Much as criminals would flee from the light.
Corran Horn stared at the blade, finding the argent energy shaft neither harsh nor painful to his eyes. He lazily wove the blade through joined infinity loops, then, with the flick of his right wrist, snapped it up into a guard that protected him from forehead to waist. Relic of a bygone era, it still can conjure up images and feelings.
He hit the black button under his thumb twice, and the blade died, again plunging the room into darkness. The lightsaber did conjure up images and feelings in him, but Corran doubted they were at all the images and feelings commonly felt by most others on Coruscant. To everyone, including Corran, Luke Skywalker was a hero and was welcomed as heir to the Jedi tradition. His efforts at rebuilding the Jedi order were roundly applauded, and no one, save those who dreaded the return of law and order to the galaxy, wished Luke anything but the greatest success in his heroic quest.
As do I. Corran frowned. Still, my decision has been made.
He’d felt it the greatest of honors to be asked by Luke Skywalker to leave Rogue Squadron and train to become a Jedi. Skywalker had told him that his grandfather Nejaa Halcyon had been a Jedi Master who had been slain in the Clone Wars. The lightsaber Corran had discovered in the Galactic Museum had belonged to Nejaa and had been presented to Corran as his rightful inheritance. Mine is the heritage of a Jedi Knight.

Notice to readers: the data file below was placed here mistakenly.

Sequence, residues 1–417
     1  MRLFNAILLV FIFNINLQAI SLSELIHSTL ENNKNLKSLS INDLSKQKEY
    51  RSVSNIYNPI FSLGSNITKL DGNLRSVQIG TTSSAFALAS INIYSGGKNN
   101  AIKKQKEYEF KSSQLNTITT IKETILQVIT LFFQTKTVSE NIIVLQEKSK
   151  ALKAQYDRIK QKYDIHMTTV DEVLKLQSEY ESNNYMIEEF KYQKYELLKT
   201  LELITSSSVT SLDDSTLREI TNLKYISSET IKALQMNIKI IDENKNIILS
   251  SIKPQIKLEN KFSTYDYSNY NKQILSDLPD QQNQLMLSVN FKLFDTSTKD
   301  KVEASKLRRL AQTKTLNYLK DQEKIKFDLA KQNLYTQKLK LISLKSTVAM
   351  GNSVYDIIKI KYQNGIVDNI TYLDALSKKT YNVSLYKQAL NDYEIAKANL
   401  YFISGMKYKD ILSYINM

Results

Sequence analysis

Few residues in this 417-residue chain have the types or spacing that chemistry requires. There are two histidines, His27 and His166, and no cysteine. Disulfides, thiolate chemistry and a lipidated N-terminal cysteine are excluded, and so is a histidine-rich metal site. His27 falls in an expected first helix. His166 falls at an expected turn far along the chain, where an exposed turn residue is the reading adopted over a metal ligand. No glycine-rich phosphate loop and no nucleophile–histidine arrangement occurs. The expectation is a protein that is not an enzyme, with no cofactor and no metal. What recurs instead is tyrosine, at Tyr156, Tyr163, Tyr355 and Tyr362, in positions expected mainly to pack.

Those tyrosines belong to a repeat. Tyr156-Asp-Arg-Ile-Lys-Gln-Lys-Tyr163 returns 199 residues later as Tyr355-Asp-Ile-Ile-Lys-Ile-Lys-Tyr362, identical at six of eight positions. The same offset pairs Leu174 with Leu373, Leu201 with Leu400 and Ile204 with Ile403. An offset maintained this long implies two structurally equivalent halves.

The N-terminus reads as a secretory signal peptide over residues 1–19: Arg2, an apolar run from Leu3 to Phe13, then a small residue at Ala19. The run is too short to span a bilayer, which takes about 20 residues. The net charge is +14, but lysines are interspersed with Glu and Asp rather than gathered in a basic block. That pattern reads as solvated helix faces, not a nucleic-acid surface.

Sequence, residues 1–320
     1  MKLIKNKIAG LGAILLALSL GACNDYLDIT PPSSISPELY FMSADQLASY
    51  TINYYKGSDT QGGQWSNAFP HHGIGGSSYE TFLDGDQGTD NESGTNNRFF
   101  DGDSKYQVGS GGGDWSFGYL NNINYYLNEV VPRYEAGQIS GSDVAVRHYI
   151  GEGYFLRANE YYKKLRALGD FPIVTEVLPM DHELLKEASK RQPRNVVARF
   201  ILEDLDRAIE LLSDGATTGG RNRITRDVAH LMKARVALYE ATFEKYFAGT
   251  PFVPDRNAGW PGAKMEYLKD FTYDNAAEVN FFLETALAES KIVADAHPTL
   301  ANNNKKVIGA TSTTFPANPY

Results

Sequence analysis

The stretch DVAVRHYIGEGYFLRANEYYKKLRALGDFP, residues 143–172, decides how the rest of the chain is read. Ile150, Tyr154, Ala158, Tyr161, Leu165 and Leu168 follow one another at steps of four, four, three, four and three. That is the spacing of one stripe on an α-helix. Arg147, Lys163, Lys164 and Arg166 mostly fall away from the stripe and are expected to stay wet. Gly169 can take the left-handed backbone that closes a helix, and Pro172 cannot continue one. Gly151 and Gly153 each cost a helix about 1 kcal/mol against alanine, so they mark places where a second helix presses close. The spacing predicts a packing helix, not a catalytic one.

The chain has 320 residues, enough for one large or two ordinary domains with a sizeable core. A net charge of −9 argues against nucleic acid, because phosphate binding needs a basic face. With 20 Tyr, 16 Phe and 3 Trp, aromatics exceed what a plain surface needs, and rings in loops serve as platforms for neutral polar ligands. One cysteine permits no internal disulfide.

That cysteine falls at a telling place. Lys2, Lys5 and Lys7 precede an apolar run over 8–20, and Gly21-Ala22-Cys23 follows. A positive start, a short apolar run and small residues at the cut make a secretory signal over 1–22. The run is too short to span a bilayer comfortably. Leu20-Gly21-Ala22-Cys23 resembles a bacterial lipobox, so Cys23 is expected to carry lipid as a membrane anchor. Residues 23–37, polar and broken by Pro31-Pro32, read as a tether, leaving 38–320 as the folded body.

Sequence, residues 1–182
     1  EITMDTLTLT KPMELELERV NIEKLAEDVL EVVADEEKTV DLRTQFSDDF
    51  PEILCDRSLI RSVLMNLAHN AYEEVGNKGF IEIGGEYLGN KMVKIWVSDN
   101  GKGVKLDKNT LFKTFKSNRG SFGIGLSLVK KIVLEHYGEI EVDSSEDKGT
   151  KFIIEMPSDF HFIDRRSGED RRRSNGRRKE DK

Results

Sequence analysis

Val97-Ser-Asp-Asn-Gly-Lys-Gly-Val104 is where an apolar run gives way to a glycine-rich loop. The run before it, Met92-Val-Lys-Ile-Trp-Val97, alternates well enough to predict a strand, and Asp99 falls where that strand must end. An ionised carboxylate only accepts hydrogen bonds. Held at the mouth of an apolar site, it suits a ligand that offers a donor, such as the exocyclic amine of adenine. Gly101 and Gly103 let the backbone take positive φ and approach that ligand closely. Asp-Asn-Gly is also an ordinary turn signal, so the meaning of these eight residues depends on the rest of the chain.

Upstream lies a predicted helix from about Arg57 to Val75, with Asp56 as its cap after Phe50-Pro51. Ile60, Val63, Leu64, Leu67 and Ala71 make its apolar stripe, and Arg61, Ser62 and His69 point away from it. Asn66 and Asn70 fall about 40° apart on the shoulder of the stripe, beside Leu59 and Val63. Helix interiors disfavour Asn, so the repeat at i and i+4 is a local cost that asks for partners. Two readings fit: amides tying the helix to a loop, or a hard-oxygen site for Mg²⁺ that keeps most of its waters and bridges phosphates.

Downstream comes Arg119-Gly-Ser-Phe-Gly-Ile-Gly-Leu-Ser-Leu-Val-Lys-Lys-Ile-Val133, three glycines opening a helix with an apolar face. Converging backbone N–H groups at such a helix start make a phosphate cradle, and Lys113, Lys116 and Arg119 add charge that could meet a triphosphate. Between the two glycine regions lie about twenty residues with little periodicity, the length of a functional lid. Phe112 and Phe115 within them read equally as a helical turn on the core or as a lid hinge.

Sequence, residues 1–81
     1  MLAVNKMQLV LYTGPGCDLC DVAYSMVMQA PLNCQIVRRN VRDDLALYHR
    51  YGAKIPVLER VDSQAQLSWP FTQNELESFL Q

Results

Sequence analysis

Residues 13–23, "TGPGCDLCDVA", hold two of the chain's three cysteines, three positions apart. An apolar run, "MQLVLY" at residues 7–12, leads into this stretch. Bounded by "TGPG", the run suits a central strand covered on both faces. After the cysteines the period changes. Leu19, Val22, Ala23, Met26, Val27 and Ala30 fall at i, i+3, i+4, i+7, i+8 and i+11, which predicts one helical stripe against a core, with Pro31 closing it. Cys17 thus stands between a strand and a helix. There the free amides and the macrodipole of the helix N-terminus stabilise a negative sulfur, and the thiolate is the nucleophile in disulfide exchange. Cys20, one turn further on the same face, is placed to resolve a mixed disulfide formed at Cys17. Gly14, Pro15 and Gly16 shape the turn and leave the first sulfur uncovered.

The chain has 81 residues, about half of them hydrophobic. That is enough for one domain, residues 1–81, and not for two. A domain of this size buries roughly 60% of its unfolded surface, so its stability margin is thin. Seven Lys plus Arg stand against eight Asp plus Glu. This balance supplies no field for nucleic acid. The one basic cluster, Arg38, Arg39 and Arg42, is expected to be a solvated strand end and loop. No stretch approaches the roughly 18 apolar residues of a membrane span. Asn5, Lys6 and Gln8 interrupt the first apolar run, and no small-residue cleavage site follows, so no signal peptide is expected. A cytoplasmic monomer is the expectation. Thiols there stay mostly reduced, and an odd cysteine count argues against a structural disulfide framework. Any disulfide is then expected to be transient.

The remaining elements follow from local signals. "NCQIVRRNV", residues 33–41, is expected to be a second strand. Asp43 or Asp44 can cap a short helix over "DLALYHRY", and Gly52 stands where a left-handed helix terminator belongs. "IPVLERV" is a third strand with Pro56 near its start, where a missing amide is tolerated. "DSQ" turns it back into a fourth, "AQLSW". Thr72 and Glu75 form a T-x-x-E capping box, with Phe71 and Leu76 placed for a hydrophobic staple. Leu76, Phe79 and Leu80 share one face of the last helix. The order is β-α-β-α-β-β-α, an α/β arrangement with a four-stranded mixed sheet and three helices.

But that was a heritage he had only heard of from Skywalker. He did not doubt the Jedi was telling the truth, but it was not the whole truth. At least not the whole of the truth with which I grew up.
Throughout his life Corran Horn had come to believe his grandfather was Rostek Horn, a valued and highly placed member of the Corellian Security Force. His father, Hal Horn, likewise was with CorSec. When it came time for Corran to choose a career, there was really no choice at all. He continued the Horn tradition of serving CorSec. His grandfather had always admitted to having known a Jedi who died in the Clone Wars, but that acquaintance had been given no more weight than having once met Imperial Moff Fliry Vorru or having visited Imperial Center, as Coruscant had been known under the Empire’s rule.
Corran found it no great surprise that Rostek Horn and his father had downplayed their ties to Nejaa Halcyon. Halcyon had died in the Clone Wars; and Rostek had comforted, grown close with, and married Halcyon’s widow. He also adopted Halcyon’s son, Valin, who grew up as Hal Horn. When the Emperor began his extermination of the Jedi order, Rostek had used his position at CorSec to destroy all traces of the Halcyon family, insulating his wife and adopted son from investigation by Imperial authorities.